We must begin with this remark: Nowadays, in Spec Scripts, transitions are frowned upon, a waste of a couple of lines you could better use for brilliant dialogue, and are only used when absolutely necessary.
When you DO use a Transition, the left margin is at 6.5" and a right margin of 1.0". Transitions are formatted in all caps and almost always follow an Action and precede Scene Headings.
Transitions you may be familiar with are:
- CUT TO:
- DISSOLVE TO:
- SMASH CUT:
- QUICK CUT:
- FADE TO:
- FADE OUT (never at the end of the script)
The only time to use a Transition in a spec script is if it's integral to telling the story. For instance, you might use a TIME CUT: to indicate passage of time. More commonly, a DISSOLVE TO: indicates that time has passed. Or, you might need to use MATCH CUT: if you want to illustrate that there is some correlation between something we just saw and something in the new scene. The point is, unless you become quite skilled in screenwriting don't use these things unless absolutely necessary, because the director of the film will probably think of something different.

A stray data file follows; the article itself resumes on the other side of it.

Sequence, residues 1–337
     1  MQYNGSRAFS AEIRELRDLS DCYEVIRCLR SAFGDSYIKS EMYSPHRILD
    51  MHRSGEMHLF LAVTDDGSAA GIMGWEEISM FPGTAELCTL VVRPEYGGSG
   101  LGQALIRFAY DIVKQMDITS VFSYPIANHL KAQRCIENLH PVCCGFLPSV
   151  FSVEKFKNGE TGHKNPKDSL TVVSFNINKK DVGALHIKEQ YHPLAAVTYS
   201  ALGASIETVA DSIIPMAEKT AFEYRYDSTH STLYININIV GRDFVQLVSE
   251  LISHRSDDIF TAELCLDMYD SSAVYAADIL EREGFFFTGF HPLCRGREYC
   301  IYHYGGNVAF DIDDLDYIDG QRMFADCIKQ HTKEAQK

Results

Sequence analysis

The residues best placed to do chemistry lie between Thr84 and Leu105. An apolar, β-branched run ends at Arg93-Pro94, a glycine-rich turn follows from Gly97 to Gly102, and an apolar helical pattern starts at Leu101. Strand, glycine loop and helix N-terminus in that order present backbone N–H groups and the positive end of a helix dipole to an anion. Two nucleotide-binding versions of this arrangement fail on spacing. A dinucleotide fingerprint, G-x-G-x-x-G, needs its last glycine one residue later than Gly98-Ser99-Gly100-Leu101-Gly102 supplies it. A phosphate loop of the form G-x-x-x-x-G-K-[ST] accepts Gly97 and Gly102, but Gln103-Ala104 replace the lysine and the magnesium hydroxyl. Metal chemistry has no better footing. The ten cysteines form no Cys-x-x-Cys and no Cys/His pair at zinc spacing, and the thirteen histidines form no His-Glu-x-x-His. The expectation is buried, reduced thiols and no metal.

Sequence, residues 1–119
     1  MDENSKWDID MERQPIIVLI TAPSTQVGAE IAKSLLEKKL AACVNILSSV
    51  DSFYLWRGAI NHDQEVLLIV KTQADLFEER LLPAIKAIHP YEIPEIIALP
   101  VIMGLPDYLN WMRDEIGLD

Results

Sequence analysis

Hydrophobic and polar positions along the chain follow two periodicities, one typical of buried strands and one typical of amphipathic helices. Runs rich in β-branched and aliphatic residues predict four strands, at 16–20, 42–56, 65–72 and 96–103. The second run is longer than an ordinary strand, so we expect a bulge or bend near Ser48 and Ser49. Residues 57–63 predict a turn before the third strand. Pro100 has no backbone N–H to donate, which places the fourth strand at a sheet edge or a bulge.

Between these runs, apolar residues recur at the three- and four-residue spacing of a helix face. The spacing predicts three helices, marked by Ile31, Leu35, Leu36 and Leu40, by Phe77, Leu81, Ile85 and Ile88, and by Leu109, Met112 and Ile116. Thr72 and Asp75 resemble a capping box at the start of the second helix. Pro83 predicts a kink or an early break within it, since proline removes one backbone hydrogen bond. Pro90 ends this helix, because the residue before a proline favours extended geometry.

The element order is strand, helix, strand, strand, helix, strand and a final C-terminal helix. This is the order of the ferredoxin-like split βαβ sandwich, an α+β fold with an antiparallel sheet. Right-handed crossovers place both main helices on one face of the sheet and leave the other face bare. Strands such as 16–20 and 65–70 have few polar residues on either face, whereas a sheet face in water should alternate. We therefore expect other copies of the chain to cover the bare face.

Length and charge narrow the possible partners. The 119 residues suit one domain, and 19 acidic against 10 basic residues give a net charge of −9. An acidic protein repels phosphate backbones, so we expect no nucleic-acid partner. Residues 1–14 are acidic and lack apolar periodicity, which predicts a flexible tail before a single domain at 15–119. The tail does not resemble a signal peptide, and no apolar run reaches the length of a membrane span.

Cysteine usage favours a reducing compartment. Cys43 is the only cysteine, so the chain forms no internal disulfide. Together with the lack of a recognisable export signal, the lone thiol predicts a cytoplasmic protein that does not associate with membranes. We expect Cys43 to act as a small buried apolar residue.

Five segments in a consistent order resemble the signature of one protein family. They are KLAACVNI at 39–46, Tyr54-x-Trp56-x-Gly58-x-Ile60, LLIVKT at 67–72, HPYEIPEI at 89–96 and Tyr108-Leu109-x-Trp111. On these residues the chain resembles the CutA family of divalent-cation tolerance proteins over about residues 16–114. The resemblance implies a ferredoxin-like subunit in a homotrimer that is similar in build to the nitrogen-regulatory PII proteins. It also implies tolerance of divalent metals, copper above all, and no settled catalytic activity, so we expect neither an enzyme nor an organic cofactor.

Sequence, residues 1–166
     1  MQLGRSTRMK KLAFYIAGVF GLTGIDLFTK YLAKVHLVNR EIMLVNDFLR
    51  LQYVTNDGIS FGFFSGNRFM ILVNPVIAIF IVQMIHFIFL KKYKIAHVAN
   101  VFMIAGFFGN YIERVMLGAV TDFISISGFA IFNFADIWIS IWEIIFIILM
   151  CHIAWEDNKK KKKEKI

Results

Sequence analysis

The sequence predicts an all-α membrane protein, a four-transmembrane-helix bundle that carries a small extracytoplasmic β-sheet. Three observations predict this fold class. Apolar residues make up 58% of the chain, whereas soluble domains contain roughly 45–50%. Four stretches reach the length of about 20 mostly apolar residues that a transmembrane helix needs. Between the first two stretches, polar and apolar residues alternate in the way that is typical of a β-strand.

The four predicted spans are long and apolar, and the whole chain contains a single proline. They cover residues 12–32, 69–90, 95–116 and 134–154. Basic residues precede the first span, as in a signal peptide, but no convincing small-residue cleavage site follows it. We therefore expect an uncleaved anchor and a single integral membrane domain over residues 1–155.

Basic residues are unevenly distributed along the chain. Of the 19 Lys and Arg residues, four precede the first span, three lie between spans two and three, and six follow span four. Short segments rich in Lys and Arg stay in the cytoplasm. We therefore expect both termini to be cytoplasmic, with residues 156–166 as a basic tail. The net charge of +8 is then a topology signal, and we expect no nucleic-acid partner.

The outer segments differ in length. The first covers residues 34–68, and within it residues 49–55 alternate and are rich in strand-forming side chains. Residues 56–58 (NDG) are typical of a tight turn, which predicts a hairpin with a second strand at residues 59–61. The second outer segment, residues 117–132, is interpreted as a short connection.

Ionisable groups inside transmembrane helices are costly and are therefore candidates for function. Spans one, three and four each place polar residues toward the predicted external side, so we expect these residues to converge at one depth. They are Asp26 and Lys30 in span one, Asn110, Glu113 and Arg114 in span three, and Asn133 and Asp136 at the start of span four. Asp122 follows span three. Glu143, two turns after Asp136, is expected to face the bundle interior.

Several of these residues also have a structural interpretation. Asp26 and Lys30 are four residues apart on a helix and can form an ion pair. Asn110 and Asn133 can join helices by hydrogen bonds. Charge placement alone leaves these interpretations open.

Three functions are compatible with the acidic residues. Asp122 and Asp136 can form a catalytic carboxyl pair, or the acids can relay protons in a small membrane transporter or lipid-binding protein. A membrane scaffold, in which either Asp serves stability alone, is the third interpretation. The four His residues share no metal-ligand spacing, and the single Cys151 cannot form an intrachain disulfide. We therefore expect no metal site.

Most Transitions are already programmed into script writing programs, capitalized and lined up for those rare occasions when you can't resist to use one.
Frankie pulls on a pair of shorts, slips into some running shoes and exits. CUT TO:
(Remember, the Cut To: will probably be left out in most spec scripts these days. What it indicates is a complete change of location.)